He believes that he "deserves" to waste resources because he earned them. Maybe he runs a company that builds the products that exploit the weak and vulnerable. If he wasn't "worth it," he figures, then he wouldn't be paid so much, and because he is worth it he deserves to waste it.

Everyone needs food, shelter and clothing. Healthy food is more than bread and water, but it isn't caviar and chocolate. There is a healthy middle ground between being malnourished and being obese.

Obesity isn't limited to food. It is also a quality of ones possessions, activities, data input and fantasies. As a television watcher or home owner, one can be obese without being overweight. One can even be an obese health and fitness enthusiast, with a perfectly tuned body that is used for nothing. Obesity happens whenever someone has more resources than they need and instead of directing them outward to address the needs of others, chooses to turn them inward toward some self-indulgent goal. The needy are not helped by this, of course, but the one who is hurt the most is the obese person himself, whose freedom and creativity are swallowed up by his own gluttony.

Some neighborhoods, in the suburbs of any big city, are pure obesity. Each home is, literally, a castle, with remarkably little happening inside it. Little more is accomplished in a 5000-square-foot mansion that can be done in a 10x10 foot cubicle. Most of the mansion is dead space that serves as nothing more than a fashion statement. The mansion says, "You see how much money I can afford to waste!"

There is nothing sinful about having resources, only wasting them. It is okay to take a boat ride if it teaches you something, but it is usually wrong to buy a pleasure boat, no matter how rich you may be. If you do, then you put yourself in the potential position of having to explain to some disadvantaged person, "I know you're having trouble putting food on the table, but I'm buying this $100,000 trinket because I'm worth it."

If you don't buy the boat, then you don't have to feel immediately accountable to the needy of the world. Having $100,000 in the bank doesn't create the same sort of moral vulnerability as using it frivolously. The money in the bank is simply a preserved asset, which could be used for some greater good later on.

Having extra assets means that you can start doing things because they are meaningful and important, not because they serve a Capitalist agenda. It is a privilege and a sacred trust to be blessed these assets, and they need to be used wisely. Even if you are surrounded by food, money and time, this is no excuse for gluttony. You merely have a bankroll for some new project, along with a new set of responsibilities that go with it.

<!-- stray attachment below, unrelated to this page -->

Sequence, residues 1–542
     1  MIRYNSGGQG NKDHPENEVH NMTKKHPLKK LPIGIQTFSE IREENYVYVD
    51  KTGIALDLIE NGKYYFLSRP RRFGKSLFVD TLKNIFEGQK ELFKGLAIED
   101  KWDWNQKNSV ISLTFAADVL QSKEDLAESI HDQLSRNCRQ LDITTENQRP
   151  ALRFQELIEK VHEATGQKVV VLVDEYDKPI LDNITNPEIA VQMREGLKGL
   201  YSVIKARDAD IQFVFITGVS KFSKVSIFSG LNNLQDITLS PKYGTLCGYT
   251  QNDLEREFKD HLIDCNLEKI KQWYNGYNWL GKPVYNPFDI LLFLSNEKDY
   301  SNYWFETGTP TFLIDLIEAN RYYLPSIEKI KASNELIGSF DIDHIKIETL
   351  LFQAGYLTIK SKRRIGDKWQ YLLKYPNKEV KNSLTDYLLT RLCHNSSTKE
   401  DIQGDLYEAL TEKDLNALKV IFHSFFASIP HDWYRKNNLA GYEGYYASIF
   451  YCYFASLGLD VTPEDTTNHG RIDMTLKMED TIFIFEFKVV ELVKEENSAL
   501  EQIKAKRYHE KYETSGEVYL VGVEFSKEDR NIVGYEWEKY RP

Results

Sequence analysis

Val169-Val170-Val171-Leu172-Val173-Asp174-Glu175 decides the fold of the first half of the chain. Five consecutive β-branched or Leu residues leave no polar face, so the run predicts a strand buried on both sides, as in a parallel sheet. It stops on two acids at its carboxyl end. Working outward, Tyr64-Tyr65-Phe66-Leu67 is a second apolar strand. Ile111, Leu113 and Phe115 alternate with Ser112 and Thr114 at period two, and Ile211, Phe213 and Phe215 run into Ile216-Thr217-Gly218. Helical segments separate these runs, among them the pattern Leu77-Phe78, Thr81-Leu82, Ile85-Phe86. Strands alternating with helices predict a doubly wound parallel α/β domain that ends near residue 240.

As long as you are struggling to survive, then you don't need to feel responsible for the problems of the world. Once you have assets, however, then you also gain obligations. You can no longer say that you can't afford to help. Blowing your money on something frivolous provides no excuse. It only laughs in the face of those who are still struggling.

If you are using your assets well, then nothing is wasted. You can be comfortable, but there should be nothing about your life that someone can point to and say, "Isn't that disgusting!" The food you eat when making $2,000,000 a year should be about the same as what you were eating when you made $20,000. Having more resources can expand your options, but it doesn't change the basic requirements of life.

Living with grace requires respect for your resources. If you have seem to have too many of them, it is a delusion. Beneath it all, you are still a naked, vulnerable, unfulfilled human who is going to die pretty soon, and nothing you surround yourself with is going to change that.

—G.C.





Reader Comments

“A scholar of Thoreau, I see. And although you mentioned it, the real NEED in front of our faces is never fulfilled by the the resosurces that are things. The true NEEDs are time and relationships - neither of which we can throw "things" at and fulfill. What many people perceive as needs are artificial - created by advertisers.” — 1/3/07 (rating=4)

“great ^^ i admire those who have the guts to publish these kind of things.” — 8/7/07 (rating=5)

“This essay was well written and had alot of emotion and passion behind it.” —Anonymous. 4/27/10 (rating=4)

Ratings so far: 4 4 5 5 3 4 (Average=4.1)